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United States Department of Agriculture

Agricultural Research Service

Title: Galactopoiesis/Effects of hormones and growth factors

item Capuco, Anthony
item Akers, R

Submitted to: Encyclopedia of Dairy Science
Publication Type: Book / Chapter
Publication Acceptance Date: 2/16/2009
Publication Date: 1/1/2011
Citation: Capuco, A.V., Akers, R.M. 2011. Galactopoiesis/Effects of hormones and growth factors. In: Fuquay, J.W., Fox, P.F., McSweeney, P.L.H, editors. Encyclopedia of Dairy Science. 2nd edition. San Diego, CA: Academic Press. p. 26-31.

Interpretive Summary:

Technical Abstract: The term galactopoiesis was originally coined to describe the enhancement of an established lactation. In this sense, only exogenous somatotropin and thyroid hormones are clearly demonstrated galactopoietic agents in dairy animals. However, in a more inclusive sense, galactopoiesis has been used to describe the maintenance of lactation. A number of hormones and factors are involved in the maintenance of milk production in dairy animals and these will be described in this review. Galactopoietic hormones, growth factors, and regular milk removal are essential for regulation and maintenance of lactation. Although there clearly are species differences, endocrine organ ablation/replacement studies, have shown that prolactin, somatotropin, glucocorticoids and thyroid hormones are typically required for the full maintenance of lactation. Still, additional hormones and growth factors are probably important for the normal physiological maintenance of lactation. In addition to regulatory factors that actively support synthesis of milk components, frequent emptying of the mammary gland supported by the milking-induced release of oxytocin is critical. Other factors that can affect the maintenance of lactation are those that impinge upon maintenance of the secretory cell population by decreasing cell loss or by increasing cell proliferation. These factors do not impact the secretory capacity of existing cells but impact the secretory capacity of the mammary gland, the shape, and length of the lactation curve.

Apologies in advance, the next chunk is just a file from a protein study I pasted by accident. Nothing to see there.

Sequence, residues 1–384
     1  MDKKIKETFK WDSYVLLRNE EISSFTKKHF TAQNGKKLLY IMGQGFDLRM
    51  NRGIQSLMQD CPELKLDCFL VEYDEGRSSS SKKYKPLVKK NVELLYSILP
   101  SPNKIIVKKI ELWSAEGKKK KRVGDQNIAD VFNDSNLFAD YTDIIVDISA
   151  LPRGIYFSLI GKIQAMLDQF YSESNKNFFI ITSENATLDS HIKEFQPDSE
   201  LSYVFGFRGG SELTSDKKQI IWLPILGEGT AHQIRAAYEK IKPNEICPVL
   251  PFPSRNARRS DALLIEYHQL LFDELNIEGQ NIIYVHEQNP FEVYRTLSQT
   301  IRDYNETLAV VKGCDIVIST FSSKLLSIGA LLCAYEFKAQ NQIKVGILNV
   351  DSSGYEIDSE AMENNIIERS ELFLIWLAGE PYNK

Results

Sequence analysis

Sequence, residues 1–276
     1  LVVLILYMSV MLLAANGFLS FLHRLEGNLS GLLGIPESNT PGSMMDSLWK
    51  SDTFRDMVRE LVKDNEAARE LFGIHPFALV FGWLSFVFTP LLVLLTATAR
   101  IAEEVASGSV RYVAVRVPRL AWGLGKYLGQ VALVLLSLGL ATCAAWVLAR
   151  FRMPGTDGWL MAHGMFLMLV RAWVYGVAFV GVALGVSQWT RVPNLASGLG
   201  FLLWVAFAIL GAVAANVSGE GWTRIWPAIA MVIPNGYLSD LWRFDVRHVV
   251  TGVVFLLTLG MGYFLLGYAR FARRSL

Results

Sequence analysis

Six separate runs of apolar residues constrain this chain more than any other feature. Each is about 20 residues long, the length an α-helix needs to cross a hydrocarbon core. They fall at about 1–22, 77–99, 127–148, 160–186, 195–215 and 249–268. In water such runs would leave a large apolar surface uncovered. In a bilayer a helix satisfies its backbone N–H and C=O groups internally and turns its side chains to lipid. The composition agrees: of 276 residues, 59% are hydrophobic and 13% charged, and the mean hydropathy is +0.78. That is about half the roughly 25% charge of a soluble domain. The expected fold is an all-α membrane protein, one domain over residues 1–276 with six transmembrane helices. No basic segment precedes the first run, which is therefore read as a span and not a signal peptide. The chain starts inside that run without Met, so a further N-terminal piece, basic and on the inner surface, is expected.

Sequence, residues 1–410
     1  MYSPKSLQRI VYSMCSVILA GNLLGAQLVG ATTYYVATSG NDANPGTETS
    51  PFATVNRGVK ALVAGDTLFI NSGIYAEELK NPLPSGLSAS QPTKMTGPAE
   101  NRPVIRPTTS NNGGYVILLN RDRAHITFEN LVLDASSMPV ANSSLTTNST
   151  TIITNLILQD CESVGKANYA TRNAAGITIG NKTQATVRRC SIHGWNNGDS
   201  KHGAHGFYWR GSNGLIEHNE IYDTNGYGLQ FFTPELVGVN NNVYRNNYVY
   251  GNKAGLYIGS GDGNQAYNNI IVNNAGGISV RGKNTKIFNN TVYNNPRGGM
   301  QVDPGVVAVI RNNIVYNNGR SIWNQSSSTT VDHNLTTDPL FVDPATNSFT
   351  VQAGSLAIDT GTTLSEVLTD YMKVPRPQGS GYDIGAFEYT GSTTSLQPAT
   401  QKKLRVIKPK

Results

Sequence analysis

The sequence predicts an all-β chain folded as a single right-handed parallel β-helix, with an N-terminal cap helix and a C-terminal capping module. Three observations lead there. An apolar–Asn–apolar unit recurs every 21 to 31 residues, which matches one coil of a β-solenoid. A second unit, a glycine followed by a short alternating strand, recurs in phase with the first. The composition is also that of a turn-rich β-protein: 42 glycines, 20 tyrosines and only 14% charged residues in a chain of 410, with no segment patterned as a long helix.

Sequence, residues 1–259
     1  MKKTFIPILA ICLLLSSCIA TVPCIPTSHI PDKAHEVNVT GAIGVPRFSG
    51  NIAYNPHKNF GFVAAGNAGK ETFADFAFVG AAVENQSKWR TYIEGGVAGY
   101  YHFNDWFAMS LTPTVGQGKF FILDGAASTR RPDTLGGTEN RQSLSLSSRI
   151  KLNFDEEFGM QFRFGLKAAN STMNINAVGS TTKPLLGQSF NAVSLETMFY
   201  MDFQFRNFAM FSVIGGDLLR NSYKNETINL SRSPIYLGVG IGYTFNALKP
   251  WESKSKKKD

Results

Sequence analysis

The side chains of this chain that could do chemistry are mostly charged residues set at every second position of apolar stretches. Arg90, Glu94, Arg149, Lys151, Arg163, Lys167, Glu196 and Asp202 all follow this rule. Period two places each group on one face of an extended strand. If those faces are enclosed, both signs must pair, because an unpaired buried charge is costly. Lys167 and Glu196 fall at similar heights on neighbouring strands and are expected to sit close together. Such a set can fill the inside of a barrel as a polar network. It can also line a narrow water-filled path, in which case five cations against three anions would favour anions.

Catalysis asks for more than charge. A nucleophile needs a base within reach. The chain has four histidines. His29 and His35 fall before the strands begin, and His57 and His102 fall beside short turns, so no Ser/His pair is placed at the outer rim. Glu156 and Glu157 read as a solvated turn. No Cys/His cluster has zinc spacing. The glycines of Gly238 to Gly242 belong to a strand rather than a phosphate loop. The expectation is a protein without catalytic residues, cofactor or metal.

Last Modified: 10/16/2017
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